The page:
Cross section of Coastal Plain

    The USGS is constructing a hydrogeologic framework of the study areas that describes the major properties of the Kirkwood-Cohansey aquifer that influence ecologically important hydrologic regimes. The USGS completed bore-hole geophysical logs to define sediment composition and hydraulic properties and has used ground penetrating radar (GPR) to map subsurface geologic conditions. Slug tests were also performed to evaluate the permeability of the sediments. During a slug test the water level in a small diameter well is quickly raised or lowered. The rate at which the water level falls or rises is related to the sediment permeability.

    Sediment boring

    Ground-penetrating radar (GPR)

    To characterize groundwater levels in the study areas, the USGS has installed a network of monitoring wells ranging in depth from 5 ft to about 250 ft. Water levels are being recorded continuously at 25 of the 140 wells. The USGS is also monitoring stream flows in the study areas by operating seven continuous stream gages with satellite telemetry. Real-time stream data are available on-line at

    Well drilling

    Stream gage with satellite telemetry

    The USGS has also installed new staff gages throughout the study areas, including the Batsto River where fish and macroinvertebrate studies are being conducted. The staff gages are being used to estimate stream discharge and complete seepage runs. During a seepage run, staff gages positioned at upstream and downstream locations are measured and the difference between the two measurements is used to determine the volume of groundwater discharging to the stream reach between the two gages.

    Staff gage

    Evapotranspiration (ET) is a major component of the hydrologic budget. Using cutting-edge technology, the USGS is monitoring evapotranspiration in the field to develop a method for determining ET at the watershed scale. A 24-m instrumented tower is currently situated in the McDonalds Branch study basin where it is collecting meteorological data above the forest canopy.  Instrumentation on the tower is recording several variables, including vertical wind speed and vapor density, which are being used to estimate ET.

    USGS ET Tower

    The USGS will use the hydrogeologic information and appropriate mathematical models to evaluate the effect of water withdrawals on water-level and stream-flow regimes. The results of hydrologic modeling will be integrated with models used to evaluate the ecological response to changes in hydrologic regimes.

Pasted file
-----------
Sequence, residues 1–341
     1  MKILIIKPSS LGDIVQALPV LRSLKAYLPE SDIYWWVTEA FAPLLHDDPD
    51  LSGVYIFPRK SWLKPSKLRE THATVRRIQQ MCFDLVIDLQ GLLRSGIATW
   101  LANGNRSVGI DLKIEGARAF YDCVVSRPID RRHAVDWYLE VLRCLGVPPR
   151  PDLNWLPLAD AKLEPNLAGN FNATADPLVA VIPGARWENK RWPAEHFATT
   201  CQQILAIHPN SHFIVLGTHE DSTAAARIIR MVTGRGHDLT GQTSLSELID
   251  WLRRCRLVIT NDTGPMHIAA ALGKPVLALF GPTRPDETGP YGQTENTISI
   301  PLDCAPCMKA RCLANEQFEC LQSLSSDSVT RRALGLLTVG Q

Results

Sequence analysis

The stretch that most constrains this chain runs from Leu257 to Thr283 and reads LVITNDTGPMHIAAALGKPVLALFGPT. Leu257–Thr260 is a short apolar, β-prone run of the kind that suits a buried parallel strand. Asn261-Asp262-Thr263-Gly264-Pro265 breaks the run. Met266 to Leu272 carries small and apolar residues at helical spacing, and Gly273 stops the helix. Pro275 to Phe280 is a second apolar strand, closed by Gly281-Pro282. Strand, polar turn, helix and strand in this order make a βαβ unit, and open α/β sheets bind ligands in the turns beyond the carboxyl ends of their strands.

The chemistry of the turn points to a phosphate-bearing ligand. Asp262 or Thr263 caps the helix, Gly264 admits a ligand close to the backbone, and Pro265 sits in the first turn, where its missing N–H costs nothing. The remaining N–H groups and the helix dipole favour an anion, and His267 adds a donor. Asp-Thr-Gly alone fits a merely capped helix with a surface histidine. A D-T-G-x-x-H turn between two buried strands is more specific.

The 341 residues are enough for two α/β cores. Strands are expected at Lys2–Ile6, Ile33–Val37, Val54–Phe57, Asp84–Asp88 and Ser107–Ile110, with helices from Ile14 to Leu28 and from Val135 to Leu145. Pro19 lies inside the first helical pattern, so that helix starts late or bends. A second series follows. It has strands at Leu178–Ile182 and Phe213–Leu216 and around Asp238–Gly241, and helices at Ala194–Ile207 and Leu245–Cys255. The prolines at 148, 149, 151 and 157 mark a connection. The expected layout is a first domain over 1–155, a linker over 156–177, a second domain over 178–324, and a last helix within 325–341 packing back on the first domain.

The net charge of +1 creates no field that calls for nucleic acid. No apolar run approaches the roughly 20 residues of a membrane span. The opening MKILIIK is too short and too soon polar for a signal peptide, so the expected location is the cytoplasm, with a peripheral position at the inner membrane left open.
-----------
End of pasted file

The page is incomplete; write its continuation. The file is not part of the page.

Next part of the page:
Hydroecological model

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  • Species and Community Indicators

    Species and community level studies are focused on wetland and aquatic communities and associated species, emphasizing indicators that have been studied previously and that can be used to develop region-wide Pinelands ecosystem models. Thesee indicators include wetland-forest communities and individual indicator species that comprise these communities, swamp pink (Helonias bullata ), intermittent-pond vegetation, frogs found in intermittent ponds, and stream fish and macroinvertebrate communities. Ecological processes such as nitrogen cycling, photosynthesis, and evapotranspiration are also addressed.

    Wetland-forest Communities

    Hydrologic regime is the major factor underlying the upland-to-wetland vegetation gradients that characterize the Pinelands region.  The central question that will be addressed as part of this project component is how wetland-forest plant species and plant communities respond to changes in hydrology.  Pinelands Commission scientists are conducting field studies that relate the distribution of individual indicator species and forest types to variations in water level, soil moisture, texture and organic-matter content, and disturbance, among other factors.  Commission scientists established 201 study plots, representing nine different wetland forest community types, and instrumented each plot with a water-level observation well. The results of these studies will be used to develop models for predicting possible shifts in species distributions and community composition that may result from simulated changes in water-table levels.

    Sampling wetland vegetation 

    Swamp Pink (Helonias bullata)

    Swamp pink (Helonias bullata) is a federally listed endangered wetland plant whose limited geographic distribution currently extends from New Jersey to Virginia.  Swamp pink is generally associated with water-saturated muck soils of hardwood swamps and Atlantic white cedar swamps.